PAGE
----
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Three tips for encouraging the independence your preschooler needs for big school

By Staff writer | Presented by Fisher-Price|

"Playing nicely" with others is actually a learned skill.

Starting school is a big deal C for everyone. And for first-time parents especially, it's natural to worry about whether your child can write their name or count to 10. But parenting expert and father of seven Dr Justin Coulson says what's even more important than reading and writing at this age, is your child's social readiness*.

Encouraging independence, helping them learn how to manage their emotions and teaching them kindness will far better prepare your child for the transition to "big school", he says.

You can do this by playing with them and giving them toys that teach them to how to be emotionally aware, able to listen and follow directions and how to play well with others.

Navigating conflict and tension

First-time parents may be surprised to learn that "playing nicely" with other kids doesn't happen straight away and it, too, is a learned skill. In fact, as Dr Coulson explains, conflict and tension are inevitable in friendships. This is because kids are ego centric and terrible at taking advice, and you need to teach your child how to share.

Watching your child play with characters on their own can be a good indicator of where you may need to provide guidance. Do they show their characters being kind or arguing? What kind of language are they using?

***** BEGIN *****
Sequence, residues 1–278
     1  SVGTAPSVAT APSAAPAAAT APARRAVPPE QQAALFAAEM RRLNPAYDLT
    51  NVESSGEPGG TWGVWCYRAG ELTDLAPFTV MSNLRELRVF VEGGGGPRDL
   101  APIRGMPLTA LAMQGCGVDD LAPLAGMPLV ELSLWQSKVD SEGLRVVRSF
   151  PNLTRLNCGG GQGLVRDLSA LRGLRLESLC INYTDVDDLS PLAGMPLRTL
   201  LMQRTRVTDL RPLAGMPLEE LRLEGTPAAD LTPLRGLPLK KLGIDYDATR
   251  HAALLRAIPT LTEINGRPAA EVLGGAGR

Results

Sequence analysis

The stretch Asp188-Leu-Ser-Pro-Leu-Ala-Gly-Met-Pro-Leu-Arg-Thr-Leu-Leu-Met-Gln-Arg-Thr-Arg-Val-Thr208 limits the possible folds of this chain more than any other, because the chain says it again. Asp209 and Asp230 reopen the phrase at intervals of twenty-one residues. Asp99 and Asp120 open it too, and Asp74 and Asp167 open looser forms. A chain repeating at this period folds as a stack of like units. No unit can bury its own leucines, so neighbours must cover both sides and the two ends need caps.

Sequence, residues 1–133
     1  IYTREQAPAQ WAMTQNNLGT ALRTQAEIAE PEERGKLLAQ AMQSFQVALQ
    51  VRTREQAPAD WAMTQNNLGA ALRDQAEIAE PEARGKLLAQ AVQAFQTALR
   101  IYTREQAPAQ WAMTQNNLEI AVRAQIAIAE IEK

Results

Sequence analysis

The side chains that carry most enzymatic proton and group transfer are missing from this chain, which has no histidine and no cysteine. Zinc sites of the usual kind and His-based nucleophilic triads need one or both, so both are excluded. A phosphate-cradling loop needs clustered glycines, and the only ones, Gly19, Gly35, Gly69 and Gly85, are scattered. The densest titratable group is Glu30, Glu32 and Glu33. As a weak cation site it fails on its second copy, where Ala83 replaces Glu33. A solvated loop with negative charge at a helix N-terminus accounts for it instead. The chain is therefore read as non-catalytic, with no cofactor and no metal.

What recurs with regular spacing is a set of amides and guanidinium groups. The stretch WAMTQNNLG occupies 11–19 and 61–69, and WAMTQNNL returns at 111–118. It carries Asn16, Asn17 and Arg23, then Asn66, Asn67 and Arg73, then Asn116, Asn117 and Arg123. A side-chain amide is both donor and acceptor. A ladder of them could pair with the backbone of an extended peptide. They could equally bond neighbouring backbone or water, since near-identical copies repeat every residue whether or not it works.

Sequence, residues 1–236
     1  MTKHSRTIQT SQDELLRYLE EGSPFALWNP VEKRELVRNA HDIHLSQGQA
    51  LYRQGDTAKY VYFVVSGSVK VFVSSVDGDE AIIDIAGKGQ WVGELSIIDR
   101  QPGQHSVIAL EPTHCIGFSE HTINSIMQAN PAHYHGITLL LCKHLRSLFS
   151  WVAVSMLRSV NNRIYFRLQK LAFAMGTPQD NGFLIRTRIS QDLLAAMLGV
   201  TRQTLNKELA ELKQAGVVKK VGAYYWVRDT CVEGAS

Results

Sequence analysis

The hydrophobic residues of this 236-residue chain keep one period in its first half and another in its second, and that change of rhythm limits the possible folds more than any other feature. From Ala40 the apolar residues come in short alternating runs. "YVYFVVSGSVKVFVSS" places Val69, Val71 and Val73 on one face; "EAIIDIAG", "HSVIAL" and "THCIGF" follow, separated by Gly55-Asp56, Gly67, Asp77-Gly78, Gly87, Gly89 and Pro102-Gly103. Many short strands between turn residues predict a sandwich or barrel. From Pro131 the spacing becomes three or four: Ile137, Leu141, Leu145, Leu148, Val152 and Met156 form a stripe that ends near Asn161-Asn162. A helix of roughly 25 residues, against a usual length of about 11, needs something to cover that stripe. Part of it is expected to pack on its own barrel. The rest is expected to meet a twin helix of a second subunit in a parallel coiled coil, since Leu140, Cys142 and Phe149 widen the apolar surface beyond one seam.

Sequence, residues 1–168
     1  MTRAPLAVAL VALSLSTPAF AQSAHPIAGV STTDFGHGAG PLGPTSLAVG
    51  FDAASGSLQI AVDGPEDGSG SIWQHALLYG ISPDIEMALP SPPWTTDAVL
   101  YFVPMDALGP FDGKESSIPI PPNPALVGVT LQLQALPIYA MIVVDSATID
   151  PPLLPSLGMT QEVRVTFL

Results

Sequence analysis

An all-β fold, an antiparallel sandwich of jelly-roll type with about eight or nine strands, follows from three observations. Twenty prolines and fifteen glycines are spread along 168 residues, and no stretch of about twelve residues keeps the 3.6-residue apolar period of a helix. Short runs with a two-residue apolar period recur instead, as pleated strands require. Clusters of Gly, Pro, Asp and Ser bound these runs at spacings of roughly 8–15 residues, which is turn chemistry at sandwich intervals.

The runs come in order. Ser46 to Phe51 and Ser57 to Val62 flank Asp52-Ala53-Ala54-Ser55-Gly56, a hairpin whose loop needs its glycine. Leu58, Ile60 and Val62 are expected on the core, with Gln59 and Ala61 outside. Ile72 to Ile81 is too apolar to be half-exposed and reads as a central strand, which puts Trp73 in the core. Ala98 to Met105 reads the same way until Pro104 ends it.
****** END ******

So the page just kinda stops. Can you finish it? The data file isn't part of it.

He explains that what experts call "theory of mind", which put simply is the ability to take the perspective of the other person, only kicks in at the age of 5 or 6, or even 7. So how do you teach your child to be kind and share? One way is to build their capacity for empathy.

Teach them empathy through imaginative play

Open ended toys promote creativity. (iStock)

Role play is a great way to teach your child empathy. Role playing games or toys give you the opportunity to ask questions like "How do you think that made your friend feel?" or "What do you think we could do to make that character not feel sad anymore?"

They can also practise sharing or being kind.

By giving your child toys that are open ended and can be used in a variety of ways, will promote creativity when it comes to problem solving, two very important social skills needed when it comes to starting primary school.

Tips for building independence

As your child navigates a whole new world of primary school, independence is key. Dr Coulson shares these three tips for encouraging this important skill.

  1. Let them try things their own way. It can be hard to watch them make mistakes, but being able to problem solve on their own will build both confidence and independence.
  2. Support them verbally and don't rush them. They still want to know you are there and that they have the freedom to try things their own way in their own time, but that you will be there to help if and when they ask for it.
  3. Provide them with toys that empower their creativity. Imaginative play allows your child to practise their problem-solving skills and independent thinking strategies.

There are many routes to success when it comes to getting your child ready for primary school. The important thing is tuning in to what your child needs and providing extra support where needed.

* You should always trust your gut instinct and contact your paediatrician if you are worried?about any of your child's milestones

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